Commons Speaker Sir Lindsay Hoyle has inspected a gilded state carriage used by his predecessors ahead of the reopening of the museum where it is housed.
The Speaker’s State Coach, which is one of the only surviving examples of its kind from the 17th century, was loaned by the House of Commons to the National Trust in 2011.
It is on display at the Trust’s Carriage Museum at Arlington Court, near Barnstaple in Devon, which reopens on Monday.
The coach has high quality carved woodwork and metalwork, painting and small plaques bearing the coats of arms of various speakers, and is thought to have been made in about 1698 for William III and was presented to the Speaker a few years later by Queen Anne.
It was last used by the speaker George Thomas in 1981 for the wedding of the Prince of Wales and Lady Diana Spencer, and was then displayed at various venues in London before conservation work on the carriage began.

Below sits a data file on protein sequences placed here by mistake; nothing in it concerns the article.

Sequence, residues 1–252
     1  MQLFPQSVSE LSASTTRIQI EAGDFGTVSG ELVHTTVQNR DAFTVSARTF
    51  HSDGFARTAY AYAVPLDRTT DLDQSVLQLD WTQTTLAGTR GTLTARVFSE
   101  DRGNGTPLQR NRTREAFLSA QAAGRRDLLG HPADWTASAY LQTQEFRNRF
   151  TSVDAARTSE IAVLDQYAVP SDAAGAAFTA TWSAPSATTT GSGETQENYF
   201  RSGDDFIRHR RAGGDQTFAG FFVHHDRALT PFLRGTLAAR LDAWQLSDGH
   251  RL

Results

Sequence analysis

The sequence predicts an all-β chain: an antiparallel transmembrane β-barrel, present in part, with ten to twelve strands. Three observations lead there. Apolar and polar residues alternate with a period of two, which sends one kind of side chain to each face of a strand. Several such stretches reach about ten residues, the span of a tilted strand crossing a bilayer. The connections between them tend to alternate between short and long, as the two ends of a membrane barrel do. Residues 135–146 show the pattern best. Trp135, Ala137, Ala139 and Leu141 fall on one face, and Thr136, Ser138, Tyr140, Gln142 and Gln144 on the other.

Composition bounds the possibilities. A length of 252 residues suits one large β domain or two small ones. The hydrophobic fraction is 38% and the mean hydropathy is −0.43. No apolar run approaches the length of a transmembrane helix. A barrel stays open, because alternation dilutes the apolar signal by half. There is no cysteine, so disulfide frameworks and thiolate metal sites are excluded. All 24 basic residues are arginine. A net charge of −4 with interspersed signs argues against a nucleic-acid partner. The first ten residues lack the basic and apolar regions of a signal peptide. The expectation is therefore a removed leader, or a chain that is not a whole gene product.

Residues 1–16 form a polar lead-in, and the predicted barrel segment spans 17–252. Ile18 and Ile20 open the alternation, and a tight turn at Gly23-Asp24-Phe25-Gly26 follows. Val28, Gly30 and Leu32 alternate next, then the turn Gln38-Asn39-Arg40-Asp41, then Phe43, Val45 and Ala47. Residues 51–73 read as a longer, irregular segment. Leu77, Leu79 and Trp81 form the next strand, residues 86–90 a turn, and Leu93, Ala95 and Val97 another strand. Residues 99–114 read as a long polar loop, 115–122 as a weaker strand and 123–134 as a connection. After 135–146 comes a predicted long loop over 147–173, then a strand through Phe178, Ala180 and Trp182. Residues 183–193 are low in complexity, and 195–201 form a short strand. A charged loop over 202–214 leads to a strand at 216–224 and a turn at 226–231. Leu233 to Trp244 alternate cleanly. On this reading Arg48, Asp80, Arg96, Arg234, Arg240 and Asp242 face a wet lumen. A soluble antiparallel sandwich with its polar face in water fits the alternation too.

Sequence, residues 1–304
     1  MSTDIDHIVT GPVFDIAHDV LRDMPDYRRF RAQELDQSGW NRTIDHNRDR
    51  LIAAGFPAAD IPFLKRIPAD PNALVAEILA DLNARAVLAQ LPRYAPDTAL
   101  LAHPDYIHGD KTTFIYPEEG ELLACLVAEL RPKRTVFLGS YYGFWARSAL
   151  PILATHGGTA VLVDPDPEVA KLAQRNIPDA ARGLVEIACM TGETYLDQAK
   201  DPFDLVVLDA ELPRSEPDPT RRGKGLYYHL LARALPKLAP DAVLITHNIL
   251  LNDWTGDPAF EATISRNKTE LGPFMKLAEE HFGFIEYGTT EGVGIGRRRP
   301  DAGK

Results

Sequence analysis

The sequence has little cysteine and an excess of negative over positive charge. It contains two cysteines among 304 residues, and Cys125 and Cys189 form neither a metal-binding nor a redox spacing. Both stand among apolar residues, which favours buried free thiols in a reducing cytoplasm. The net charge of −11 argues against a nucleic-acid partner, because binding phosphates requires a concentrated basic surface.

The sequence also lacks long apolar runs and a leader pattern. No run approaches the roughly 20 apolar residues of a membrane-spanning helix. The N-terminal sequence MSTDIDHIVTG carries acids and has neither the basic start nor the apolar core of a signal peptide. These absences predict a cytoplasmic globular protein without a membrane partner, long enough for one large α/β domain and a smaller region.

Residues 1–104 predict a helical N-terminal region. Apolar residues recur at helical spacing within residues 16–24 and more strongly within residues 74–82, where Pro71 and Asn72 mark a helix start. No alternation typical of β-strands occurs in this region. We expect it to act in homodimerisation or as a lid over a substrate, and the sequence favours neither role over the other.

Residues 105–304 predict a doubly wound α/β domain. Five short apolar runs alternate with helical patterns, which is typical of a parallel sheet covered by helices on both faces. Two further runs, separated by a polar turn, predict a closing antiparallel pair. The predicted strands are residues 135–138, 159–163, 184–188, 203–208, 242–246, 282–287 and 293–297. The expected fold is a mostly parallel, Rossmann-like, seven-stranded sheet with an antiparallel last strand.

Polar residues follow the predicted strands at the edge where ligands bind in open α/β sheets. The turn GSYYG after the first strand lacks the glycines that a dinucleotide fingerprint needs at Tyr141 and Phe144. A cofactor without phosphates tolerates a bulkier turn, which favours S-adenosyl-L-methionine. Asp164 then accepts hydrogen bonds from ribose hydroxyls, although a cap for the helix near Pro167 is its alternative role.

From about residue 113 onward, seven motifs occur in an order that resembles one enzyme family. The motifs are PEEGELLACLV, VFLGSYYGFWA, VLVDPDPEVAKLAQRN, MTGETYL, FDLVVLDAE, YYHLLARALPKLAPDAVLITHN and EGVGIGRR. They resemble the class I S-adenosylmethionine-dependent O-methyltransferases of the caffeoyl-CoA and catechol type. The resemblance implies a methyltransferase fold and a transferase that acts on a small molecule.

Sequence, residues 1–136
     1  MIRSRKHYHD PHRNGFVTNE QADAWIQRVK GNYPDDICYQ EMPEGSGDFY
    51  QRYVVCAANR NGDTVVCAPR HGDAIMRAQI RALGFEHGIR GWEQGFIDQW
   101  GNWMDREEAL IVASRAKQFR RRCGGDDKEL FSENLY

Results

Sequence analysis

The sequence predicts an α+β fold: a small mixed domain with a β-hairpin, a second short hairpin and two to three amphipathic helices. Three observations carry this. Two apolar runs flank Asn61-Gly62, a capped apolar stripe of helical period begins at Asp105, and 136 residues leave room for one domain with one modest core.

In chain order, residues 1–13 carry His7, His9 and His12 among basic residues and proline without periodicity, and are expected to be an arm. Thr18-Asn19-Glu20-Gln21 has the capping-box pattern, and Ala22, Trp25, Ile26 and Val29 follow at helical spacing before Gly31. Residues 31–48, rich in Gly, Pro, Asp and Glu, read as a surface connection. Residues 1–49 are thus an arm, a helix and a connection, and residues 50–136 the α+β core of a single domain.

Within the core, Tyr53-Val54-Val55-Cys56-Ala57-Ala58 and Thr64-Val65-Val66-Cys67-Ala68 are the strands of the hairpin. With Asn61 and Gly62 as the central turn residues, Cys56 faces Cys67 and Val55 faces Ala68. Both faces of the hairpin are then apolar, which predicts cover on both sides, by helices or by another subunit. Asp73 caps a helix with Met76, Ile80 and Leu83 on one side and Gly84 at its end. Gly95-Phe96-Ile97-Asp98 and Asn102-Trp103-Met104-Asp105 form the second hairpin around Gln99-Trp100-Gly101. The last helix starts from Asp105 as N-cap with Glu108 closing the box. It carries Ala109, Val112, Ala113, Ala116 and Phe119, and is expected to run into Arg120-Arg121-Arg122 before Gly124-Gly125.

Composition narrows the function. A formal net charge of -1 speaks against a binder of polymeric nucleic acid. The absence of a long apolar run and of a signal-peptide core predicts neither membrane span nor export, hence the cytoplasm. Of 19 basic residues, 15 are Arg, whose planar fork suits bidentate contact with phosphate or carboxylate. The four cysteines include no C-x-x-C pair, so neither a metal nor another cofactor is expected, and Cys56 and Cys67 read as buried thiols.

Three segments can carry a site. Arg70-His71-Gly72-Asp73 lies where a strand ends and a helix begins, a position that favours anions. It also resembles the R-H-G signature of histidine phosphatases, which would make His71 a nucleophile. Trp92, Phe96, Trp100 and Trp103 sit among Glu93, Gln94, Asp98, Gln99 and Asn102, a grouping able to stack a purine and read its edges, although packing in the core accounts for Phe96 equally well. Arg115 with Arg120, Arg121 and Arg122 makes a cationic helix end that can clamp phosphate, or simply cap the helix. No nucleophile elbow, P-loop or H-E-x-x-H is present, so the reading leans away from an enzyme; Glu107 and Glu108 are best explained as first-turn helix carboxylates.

Sir Lindsay viewed the coach on a visit to Arlington’s gardens and Carriage Museum while on holiday in the South West.
He said: “The Speaker State Coach is an extraordinary example of its kind, having witnessed around 300 years of history, and which is now being cared for by the National Trust in Devon.
“It is thought to have been made for King William II in 1698 and presented to the speaker by Queen Anne a few years later. It was most recently used at the wedding of Prince Charles and Lady Diana Spencer in 1981, with many great state occasions in between.
“The craftsmanship and the conservation are second to none. The conservation included removing over 60 layers of varnish and gilding added over centuries which was all but obliterating the detail of the fine carving.
“The paintings include recording King William and Queen Mary being presented with scrolls inscribed with Magna Carta and Bill of Rights.”